There may not be much inflation in the broader economy at the moment, however post-secondary education is an exception.
According to Statistics Canada, Canadian full-time students in undergraduate programs paid 3.2% more on average in tuition fees for the 2015/16 academic year this fall than they did the previous year.
The increase in tuition costs in 2014/15 was 3.3% higher than tuition costs for 2013/14.
On average, undergraduate students paid $6,191 in tuition fees in 2015/16 vs. $5,998 a year earlier.
Undergraduate students in Ontario paid the most: $7,868.
(click on the table to enlarge it)
And that is just tuition.
There will be food and shelter, books, computers, activities and possibly travel costs to add on.
So parents (and grandparents) who might want to think about this in advance, if your "youngin'" is going to want a post-secondary education (and hopefully we all wish for this to be the case), then it is going to get significantly more expensive in the future.
The RESP is an excellent vehicle for building education saving for the long-term, but do not fall into the trap of getting caught in an expensive managed plan (and there are lots of salespeople out there who will be trying to take advantage of you, even your local bank branch). Anything managed is going to have a cost to it, so be extremely careful to check the fees, commissions and other costs associated with setting it up.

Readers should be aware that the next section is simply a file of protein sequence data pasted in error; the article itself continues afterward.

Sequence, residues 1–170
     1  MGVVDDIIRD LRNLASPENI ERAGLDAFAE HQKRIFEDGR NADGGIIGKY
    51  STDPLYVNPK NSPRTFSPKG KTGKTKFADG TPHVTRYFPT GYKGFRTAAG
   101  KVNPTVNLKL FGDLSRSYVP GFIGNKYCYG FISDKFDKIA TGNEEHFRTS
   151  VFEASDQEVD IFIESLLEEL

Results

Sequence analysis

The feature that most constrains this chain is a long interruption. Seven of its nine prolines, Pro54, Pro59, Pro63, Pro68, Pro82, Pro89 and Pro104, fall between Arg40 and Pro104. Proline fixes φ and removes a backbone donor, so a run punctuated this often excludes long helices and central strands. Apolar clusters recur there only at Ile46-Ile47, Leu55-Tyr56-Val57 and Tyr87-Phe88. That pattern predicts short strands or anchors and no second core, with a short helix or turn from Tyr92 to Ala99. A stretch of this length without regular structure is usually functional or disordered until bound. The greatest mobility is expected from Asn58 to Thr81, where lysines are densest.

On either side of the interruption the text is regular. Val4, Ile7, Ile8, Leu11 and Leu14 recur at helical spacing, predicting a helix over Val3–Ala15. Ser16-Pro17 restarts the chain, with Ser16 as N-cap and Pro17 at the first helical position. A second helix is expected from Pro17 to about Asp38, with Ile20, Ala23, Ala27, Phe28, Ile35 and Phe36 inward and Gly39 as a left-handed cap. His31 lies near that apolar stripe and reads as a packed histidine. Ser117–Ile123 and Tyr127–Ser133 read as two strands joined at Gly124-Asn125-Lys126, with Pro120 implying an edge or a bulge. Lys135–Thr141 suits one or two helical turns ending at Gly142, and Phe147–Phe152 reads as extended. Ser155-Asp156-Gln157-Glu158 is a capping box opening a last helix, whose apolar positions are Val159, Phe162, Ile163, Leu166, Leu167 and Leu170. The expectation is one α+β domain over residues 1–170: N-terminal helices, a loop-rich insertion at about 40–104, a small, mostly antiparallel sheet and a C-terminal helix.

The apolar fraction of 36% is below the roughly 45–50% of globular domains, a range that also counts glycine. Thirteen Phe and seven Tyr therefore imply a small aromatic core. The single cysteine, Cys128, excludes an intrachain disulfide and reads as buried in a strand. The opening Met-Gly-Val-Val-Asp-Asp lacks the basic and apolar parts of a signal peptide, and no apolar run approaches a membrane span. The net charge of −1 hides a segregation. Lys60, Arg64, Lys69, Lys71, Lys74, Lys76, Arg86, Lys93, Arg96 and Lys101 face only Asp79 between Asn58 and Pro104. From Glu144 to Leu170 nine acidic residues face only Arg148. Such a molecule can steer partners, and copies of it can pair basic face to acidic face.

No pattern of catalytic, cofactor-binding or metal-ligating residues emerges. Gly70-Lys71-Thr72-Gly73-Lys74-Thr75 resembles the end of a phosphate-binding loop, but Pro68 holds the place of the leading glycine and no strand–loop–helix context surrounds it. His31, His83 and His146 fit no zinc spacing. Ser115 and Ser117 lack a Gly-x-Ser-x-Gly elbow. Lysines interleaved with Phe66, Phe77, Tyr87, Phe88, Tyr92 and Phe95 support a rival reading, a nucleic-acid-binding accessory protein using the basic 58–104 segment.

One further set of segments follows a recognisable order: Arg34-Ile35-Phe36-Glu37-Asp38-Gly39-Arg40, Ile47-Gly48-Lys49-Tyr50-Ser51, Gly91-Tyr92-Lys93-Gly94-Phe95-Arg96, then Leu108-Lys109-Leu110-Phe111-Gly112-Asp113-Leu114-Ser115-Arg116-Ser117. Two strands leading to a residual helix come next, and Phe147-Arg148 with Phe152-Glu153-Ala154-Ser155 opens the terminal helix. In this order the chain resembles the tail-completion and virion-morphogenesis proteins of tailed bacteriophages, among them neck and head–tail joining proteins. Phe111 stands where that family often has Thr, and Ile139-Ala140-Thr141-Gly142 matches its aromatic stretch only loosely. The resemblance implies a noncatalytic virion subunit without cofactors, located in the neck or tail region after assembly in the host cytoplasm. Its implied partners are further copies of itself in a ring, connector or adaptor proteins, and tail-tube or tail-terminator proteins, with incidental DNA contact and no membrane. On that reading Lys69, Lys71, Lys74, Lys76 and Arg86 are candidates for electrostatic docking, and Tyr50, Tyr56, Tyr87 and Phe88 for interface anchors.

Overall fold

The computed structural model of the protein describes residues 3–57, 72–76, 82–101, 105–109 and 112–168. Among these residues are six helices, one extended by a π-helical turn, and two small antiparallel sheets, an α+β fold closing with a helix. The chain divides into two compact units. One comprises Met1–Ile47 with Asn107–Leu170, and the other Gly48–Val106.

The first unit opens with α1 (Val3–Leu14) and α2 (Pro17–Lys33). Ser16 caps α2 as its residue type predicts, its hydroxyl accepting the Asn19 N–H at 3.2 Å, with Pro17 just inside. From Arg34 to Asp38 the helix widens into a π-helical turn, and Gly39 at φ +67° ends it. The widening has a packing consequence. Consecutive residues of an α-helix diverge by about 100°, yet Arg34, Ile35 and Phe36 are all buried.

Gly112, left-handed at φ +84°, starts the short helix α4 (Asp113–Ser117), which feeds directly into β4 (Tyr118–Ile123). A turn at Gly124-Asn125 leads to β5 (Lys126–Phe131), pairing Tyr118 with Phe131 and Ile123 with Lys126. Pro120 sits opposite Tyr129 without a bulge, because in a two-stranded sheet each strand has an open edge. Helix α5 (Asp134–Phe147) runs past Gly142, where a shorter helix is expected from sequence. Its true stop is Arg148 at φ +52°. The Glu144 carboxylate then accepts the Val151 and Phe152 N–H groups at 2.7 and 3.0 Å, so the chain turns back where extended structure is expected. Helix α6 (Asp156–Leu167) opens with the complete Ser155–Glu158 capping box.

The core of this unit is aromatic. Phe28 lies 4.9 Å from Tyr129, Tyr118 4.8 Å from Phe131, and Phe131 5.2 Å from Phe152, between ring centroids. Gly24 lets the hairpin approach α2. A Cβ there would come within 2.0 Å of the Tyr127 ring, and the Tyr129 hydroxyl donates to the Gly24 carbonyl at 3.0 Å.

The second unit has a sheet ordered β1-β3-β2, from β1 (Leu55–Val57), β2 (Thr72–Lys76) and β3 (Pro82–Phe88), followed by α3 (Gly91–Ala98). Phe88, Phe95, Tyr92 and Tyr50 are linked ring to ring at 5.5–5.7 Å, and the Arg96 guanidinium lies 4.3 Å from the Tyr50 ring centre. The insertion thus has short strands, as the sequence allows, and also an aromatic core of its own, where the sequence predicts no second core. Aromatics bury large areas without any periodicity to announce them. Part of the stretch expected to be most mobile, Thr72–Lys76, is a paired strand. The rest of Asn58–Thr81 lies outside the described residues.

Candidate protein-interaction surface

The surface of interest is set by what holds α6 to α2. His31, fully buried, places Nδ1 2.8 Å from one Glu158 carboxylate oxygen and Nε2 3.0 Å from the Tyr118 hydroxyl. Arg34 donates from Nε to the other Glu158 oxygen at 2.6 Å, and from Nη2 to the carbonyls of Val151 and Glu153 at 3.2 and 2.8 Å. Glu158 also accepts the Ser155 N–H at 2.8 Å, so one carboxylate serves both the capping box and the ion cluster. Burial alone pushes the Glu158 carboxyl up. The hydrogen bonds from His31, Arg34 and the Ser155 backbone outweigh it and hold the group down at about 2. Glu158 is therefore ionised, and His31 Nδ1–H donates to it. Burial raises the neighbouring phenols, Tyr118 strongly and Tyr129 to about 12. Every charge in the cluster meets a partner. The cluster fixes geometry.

New parents, the best time to start is right away. You will need a social insurance number for your newborn to open an RESP account.
Best part of it, the Canadian government (and in some cases, your provincial government) will top-up your contribution.
The Canadian Education Savings Grant will give you an additional 20% to a maximum of $500 of what you put in.
So to maximize the grant, put in $2,500 each year (per child) and it will turn into $3,000. You cannot beat this "risk-free" return.
If you miss a year of contribution, you can make it up.
If your child is 5 and you are just staring now, you can "catch-up" 1 missed year, each year: so for the next 4 years you can "double up": $5000 each year and the grant will give you $1,000.
When the government is going to give you money, you should take it. It also beats inflation handily.
There are plenty of strategies for growing this money and the tax on the growth will be deferred until it is withdrawn. When it comes time to utilize it, it is taxed in the hands of the beneficiary (your child). In most cases they will have little if any taxable income, so they will likely not be paying any (or significantly less than you would) tax on the withdrawals.
There are also lots of strategies for withdrawing the money as well, but I would have to defer to my star wealth forecaster and CFP (Bianca) for those!!
Scott Tomenson,CIM Managing Partner, Chief Investment Strategist